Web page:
For these sections of Rose, I want to connect back to what we talked about on Thursday (11 February 2021). Here, repeated for easy access, are the big takeaways I put together--and that many of you also wrote about in the last discussion board post--from the first part of Rose.
1. We profoundly misunderstand what “remedial” means—or what a deficit looks like. And, connected to this, we profoundly misunderstand the role error plays in learning--we despise error rather than cultivate it as a tool for learning in the classroom. This is true about a general public. This is true about the US historically. This is true for many of us who teach in classrooms.
2. We profoundly under-understand the role poverty plays in depriving students of a good education. It is not just a poverty that means you go to a bad school. It also means that you have nothing around you that inspires a passion in you.
3. A humane liberal education, as espoused by the McFarlands of the world is less about content as it is about the process of engagement. It is authentic reading and authentic discussion that creates the file in Rose and the other students in his classroom.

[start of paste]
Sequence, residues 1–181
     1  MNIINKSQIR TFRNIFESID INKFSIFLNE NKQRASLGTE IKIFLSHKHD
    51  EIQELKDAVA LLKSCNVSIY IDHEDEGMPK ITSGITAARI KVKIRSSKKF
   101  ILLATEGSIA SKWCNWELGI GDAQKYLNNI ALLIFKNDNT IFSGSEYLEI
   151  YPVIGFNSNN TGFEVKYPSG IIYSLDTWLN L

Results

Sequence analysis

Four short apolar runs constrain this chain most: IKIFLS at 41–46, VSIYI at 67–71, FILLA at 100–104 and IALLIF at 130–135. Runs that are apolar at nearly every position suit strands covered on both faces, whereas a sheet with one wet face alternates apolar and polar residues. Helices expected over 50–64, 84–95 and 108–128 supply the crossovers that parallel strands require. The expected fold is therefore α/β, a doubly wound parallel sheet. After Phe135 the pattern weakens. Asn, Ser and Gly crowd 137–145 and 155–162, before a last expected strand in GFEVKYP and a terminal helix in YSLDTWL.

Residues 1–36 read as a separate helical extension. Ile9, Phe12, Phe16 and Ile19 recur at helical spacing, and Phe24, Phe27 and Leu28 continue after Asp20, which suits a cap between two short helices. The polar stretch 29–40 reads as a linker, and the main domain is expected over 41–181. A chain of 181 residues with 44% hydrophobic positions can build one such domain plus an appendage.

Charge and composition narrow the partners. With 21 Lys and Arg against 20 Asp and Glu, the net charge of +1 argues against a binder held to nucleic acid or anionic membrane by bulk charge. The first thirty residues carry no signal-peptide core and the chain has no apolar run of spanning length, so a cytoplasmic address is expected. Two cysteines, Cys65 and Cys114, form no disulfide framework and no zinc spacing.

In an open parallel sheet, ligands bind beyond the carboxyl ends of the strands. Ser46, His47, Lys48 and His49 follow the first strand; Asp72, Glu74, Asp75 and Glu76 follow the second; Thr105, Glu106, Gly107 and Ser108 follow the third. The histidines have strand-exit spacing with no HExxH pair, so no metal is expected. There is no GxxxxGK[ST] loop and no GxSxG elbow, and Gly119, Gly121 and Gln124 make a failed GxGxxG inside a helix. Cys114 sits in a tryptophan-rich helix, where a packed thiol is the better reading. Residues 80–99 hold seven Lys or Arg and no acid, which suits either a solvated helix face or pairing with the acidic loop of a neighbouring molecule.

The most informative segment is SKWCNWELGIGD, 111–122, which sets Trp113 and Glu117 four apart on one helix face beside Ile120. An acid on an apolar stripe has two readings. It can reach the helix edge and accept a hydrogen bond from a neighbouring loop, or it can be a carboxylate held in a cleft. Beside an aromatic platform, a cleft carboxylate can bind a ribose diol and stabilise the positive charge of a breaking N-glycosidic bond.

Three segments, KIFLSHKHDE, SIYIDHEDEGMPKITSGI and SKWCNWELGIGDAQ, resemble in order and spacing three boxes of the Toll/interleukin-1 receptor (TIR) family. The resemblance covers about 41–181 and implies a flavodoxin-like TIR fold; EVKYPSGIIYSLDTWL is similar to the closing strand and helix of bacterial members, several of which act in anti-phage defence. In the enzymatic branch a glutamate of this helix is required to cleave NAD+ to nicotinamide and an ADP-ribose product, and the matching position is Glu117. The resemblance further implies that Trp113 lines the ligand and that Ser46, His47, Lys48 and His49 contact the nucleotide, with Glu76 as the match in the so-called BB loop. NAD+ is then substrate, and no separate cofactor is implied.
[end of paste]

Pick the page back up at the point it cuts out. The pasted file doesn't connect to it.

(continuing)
4. Inspiration does not trump academic preparation. When Rose gets to Loyola, he does not have the academic skills to manage this new landscape. This is not to be confused with intelligence. And this is related to what I want to say next:
5. We have profoundly useless measurements of whether a student is a thoughtful, capable thinker (not intelligent—a totally different thing and not just a good student; you can be absolutely a dumbo and do well in school).
6. Students are not the only people at fault for their lack of success. This connects to many things that we are seeing here. Poverty of home life and educational
7. Access—who gets to go to the good school; who gets internet; who gets to be in a pod; who has someone who is not a working parent able to help them with their work; who has art, music, gym, recess; who has computers (at home and in school).
8. Teaching is a powerful thing.
9. Educating in a democracy is hard and joyous at the same time
WHAT TO POST: Select one or two of the above points and identify places in these chapters that add too, develop, restate, grow the idea. Roughly 200-300 words.
RESPONSE REQUIREMENT: Read your colleague's responses and select one person who wrote about one of the nine things on the list above that YOU DIDN'T write about. Then identify another place in the text that you see as related to their point in some way. Roughly 100 words.